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Emmylou Photography by Michael Hurcomb.


New fiction by Andrew Forbes

Secondary highways latticed bankrupt counties, shuttered berry farms and cedar trees; weeds consumed empty gas pumps. Wendell’s Korean subcompact felt inadequate. Perfect for parallel parking, but out here nowhere required such concision. Out here you could afford to be imprecise. You could park in the tall grass if you wanted and nobody would say boo. You could leave it in a field and in time it would be accepted as part of the landscape.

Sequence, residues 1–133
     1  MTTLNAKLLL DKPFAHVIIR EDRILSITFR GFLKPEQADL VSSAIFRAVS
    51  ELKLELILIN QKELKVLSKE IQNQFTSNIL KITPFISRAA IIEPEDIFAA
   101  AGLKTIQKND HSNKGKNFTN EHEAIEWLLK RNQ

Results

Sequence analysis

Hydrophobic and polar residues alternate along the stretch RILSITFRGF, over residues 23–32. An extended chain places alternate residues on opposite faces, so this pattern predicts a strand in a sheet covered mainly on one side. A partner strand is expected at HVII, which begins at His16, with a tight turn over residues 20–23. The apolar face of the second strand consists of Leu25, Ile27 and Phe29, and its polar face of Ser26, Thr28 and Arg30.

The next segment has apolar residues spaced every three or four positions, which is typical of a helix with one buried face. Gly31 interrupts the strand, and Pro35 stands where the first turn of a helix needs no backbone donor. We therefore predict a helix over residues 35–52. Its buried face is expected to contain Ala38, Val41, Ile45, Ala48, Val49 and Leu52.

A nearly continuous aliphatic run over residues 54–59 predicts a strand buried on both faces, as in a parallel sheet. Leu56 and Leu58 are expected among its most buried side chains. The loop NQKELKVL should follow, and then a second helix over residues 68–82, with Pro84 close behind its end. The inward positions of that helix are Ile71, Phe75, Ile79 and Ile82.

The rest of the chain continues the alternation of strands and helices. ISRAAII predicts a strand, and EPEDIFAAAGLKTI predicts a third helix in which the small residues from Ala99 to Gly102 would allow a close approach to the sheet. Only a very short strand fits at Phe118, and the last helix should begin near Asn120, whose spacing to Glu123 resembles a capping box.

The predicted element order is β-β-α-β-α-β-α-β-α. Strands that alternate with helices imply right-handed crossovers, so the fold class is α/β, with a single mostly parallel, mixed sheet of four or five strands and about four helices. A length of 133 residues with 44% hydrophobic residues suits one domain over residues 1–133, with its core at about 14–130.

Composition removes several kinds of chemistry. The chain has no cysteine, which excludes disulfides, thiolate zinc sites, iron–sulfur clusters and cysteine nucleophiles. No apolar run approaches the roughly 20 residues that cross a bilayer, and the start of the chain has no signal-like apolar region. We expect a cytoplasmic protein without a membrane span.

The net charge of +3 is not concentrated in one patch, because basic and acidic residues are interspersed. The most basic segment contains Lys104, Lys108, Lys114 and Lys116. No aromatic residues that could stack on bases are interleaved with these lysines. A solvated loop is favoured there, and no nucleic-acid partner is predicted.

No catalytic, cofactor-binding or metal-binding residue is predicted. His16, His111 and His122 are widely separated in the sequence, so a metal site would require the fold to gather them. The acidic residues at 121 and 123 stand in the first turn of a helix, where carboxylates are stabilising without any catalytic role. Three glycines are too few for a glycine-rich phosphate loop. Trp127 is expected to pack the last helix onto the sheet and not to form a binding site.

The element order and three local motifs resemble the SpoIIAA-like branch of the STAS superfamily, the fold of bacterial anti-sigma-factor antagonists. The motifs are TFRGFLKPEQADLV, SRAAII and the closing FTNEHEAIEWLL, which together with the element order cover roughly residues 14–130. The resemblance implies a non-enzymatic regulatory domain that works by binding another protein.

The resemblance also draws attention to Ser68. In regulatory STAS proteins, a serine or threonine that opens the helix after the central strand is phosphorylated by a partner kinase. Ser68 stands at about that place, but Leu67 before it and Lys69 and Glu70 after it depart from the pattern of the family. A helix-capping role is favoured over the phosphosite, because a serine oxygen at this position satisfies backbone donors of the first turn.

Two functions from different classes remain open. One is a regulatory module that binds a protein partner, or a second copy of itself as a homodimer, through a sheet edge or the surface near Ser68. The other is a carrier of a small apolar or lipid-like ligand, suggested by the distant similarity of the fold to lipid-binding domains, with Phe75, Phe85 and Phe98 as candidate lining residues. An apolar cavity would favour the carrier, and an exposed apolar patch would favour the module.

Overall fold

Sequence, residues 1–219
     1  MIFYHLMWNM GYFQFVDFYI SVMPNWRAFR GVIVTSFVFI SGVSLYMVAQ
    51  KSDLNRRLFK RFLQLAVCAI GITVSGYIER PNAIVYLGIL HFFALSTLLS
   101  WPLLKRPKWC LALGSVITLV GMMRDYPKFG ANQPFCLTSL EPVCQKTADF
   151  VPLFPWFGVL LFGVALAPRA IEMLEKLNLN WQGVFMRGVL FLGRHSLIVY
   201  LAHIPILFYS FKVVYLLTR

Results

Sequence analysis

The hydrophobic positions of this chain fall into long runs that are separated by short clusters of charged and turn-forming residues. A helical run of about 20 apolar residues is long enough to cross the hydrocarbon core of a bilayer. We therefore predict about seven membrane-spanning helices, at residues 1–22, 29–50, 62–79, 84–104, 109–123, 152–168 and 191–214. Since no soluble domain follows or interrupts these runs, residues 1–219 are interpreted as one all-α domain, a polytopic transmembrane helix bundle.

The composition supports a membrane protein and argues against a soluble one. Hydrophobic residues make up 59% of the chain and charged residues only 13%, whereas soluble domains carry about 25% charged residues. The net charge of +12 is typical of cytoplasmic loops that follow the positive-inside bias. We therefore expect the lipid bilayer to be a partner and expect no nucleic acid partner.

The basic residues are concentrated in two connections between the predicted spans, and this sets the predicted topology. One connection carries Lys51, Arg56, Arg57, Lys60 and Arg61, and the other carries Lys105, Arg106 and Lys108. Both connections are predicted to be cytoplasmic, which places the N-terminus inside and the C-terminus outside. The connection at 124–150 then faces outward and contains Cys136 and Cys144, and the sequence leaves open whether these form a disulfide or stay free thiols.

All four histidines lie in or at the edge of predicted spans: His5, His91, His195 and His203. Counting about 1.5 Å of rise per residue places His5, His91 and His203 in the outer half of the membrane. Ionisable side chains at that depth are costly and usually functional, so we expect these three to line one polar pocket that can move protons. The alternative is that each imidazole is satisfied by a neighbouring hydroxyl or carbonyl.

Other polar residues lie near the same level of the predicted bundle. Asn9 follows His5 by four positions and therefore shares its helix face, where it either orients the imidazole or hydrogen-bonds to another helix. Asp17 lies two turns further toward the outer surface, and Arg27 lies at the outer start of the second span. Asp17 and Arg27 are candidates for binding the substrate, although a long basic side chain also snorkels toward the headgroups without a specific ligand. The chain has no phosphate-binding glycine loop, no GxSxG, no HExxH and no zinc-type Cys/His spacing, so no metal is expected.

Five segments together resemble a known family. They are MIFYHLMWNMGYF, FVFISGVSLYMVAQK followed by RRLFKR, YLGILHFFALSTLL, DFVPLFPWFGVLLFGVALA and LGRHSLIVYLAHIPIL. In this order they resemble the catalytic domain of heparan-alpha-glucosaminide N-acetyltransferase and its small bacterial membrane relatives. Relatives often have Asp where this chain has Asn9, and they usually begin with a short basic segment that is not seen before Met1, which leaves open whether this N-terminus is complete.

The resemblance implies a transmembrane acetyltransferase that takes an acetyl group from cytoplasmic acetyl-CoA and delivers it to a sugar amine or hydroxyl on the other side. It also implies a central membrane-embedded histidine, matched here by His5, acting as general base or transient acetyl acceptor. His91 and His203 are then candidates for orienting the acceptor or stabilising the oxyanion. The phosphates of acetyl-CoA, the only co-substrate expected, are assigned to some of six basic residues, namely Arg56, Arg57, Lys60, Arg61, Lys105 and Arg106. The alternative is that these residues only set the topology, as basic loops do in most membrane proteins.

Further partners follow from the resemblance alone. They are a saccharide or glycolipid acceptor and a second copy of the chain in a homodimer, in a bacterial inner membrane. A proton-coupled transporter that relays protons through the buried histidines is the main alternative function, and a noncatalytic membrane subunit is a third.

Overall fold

Wendell had fathered a child somewhere and then bolted. I’d been offered respect, kindness, loyalty and warmth—a home—but grew suspicious and selfish, and fled. Cowardice, like the lakeside cabin where we were headed, was something to which my entire family had year-round access. My dad collected convertibles, DUIs, debt, but was very clear that I’d be solely responsible for bailing myself out of any scrapes into which I’d manœuvred ...

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